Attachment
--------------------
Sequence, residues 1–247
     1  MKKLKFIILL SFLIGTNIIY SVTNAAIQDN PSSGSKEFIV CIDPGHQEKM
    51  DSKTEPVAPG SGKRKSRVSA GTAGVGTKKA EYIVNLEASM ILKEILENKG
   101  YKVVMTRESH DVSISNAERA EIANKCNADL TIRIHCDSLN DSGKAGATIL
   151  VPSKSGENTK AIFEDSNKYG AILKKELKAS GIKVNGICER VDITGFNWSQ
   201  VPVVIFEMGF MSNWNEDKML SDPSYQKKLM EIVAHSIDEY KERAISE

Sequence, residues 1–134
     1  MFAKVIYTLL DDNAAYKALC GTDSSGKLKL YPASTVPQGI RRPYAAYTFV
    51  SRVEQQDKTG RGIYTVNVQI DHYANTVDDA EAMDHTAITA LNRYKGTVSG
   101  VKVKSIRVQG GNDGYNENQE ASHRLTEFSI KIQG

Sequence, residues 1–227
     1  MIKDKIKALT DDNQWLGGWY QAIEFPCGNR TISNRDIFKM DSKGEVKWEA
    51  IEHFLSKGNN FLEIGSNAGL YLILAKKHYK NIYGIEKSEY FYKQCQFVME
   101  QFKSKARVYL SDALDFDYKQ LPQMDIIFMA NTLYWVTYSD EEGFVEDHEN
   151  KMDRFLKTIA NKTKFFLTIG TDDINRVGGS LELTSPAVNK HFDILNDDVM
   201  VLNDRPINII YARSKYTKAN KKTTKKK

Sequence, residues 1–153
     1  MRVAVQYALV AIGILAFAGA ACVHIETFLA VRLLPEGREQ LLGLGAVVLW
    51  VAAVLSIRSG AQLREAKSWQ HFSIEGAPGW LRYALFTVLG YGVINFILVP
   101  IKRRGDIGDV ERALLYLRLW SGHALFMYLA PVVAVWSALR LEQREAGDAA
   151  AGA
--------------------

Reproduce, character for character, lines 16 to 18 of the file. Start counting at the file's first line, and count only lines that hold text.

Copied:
   201  VLNDRPINII YARSKYTKAN KKTTKKK

Sequence, residues 1–153
     1  MRVAVQYALV AIGILAFAGA ACVHIETFLA VRLLPEGREQ LLGLGAVVLW